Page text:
A while ago, I went to the toy store to buy my youngest child, Coleton, a toy that my older three adored when they were babies. It was a simple pop-up toy for toddlers with various buttons, levers, and dials. I found a bewildering variety of this kind of toy, but to my dismay, every single one was electronic. They made sounds, they made music, they had blinking lights -- they just about played by themselves! I finally had to order the prized toy from a specialty catalog that carries "back to basics" toys.
Sure, electronic toys can be exciting -- for a while -- but they can also stunt your baby's developing ability to imagine and manipulate (and let's face it: those repetitive electronic sounds can get annoying). If a toy does everything by itself, it loses its potential as a tool for developing creativity. Also, if your little one gets used to these toys, then simple pleasures like wooden blocks seem boring by comparison because he expects the blocks to play for him. And those simple toys are among the very best for baby playtime.
Look for these qualities as you shop for your baby:
Foot or hand puppets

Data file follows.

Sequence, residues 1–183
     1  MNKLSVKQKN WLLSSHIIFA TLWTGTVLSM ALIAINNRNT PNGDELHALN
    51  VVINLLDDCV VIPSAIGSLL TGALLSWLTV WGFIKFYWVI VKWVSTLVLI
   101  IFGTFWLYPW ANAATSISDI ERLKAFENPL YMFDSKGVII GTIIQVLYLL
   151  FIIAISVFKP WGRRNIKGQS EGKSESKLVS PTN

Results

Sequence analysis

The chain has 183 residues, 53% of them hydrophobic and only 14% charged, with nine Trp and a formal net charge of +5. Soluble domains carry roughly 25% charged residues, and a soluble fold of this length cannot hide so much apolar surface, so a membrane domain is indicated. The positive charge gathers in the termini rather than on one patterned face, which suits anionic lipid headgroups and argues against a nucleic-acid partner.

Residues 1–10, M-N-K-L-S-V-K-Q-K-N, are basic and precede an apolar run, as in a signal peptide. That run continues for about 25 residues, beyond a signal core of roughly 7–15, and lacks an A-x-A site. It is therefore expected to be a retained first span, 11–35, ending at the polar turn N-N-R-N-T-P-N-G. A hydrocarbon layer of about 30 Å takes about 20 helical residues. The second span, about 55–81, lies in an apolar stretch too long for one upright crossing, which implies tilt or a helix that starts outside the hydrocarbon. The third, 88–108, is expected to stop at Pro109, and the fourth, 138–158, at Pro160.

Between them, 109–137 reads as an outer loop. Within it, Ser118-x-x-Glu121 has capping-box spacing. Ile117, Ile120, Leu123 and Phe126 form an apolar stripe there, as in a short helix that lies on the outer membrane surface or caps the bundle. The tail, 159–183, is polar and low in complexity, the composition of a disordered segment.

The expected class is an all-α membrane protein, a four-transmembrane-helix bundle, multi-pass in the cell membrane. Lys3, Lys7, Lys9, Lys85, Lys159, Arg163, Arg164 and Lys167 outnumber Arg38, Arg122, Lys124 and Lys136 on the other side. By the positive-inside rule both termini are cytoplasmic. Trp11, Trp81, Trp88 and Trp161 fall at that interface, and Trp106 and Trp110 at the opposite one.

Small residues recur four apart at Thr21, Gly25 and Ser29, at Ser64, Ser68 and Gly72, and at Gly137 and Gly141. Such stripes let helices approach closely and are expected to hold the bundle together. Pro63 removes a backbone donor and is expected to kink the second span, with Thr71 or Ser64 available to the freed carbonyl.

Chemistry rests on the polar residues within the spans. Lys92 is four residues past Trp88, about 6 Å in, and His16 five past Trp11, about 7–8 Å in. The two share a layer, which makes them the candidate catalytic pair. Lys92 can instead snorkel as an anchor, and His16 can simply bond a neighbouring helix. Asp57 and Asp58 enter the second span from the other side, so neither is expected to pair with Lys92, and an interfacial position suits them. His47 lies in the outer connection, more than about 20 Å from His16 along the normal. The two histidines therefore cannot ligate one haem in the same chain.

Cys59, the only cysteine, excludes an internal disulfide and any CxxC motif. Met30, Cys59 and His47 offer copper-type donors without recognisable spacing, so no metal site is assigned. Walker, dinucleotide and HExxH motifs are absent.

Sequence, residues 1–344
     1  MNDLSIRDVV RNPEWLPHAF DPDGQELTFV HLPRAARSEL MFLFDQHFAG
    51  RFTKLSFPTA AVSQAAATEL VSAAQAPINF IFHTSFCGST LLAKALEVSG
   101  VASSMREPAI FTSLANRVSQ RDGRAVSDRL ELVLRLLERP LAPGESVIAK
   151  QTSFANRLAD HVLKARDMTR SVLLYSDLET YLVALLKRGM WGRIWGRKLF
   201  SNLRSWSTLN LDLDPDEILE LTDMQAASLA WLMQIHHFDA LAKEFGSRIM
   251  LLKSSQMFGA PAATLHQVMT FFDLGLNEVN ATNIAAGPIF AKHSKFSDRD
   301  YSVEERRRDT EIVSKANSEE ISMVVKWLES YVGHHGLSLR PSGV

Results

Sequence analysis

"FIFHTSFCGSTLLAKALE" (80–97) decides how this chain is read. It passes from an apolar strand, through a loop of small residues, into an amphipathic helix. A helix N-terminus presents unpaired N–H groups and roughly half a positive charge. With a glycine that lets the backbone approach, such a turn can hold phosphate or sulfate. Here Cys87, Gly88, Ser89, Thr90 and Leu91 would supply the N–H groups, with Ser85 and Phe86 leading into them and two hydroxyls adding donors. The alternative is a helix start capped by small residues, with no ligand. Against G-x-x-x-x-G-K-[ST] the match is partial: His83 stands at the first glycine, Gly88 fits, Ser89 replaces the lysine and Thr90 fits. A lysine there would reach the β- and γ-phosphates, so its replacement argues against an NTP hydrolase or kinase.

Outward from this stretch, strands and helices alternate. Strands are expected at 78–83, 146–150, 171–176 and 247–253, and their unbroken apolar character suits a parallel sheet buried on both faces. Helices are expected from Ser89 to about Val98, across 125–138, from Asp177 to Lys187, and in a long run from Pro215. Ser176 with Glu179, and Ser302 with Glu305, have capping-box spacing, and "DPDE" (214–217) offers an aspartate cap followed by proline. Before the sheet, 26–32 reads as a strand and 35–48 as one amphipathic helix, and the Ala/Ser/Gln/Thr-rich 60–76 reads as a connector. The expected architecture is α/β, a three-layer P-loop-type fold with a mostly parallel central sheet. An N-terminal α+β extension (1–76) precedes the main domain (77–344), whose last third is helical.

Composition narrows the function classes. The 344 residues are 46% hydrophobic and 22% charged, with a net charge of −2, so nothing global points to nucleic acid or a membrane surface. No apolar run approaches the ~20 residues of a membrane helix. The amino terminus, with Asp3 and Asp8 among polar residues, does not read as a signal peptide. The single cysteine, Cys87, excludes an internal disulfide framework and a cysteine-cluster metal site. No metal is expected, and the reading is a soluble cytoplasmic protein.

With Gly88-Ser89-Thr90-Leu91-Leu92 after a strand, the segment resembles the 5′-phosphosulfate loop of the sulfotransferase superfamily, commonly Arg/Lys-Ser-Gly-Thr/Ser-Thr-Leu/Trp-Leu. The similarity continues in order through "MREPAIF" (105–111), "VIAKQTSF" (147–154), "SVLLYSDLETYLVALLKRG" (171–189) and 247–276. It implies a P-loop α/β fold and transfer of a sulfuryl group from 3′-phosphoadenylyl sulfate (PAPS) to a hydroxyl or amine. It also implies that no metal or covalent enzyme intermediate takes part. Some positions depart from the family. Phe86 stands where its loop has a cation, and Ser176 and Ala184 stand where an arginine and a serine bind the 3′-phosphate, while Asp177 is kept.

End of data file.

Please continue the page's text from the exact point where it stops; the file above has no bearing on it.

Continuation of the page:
Small, lightweight, easy-to-grasp toys
Toys with high-contrast graphics, bright colors, or black-and-white patterns
Activity boxes (levers/buttons/dials/hinges)
Beginning puzzles (two or three large pieces; knobs are helpful)
Cars and trucks
Chunky small people and accessories
Dolls and stuffed animals
Large interlocking beads
Push or pull toys
Toy versions of everyday items (telephones, cooking utensils, doctor kits)
Toys you still remember from your childhood (The classics endure and are always a good bet!)
Washable crayons or markers and blank paper
As you give you baby new things to play with, keep in mind that there is no right way to play with toys. For example, a puzzle is not always for "puzzling." The pieces make great manipulative characters, can be sorted or put in boxes, and make interesting noises when banged together or against an empty pot. Children learn through play, so any toy they enjoy playing with is, by definition, educational.
Always consider well the safety aspects of anything your baby is going to play with. Here are a few ways to keep playtime safe: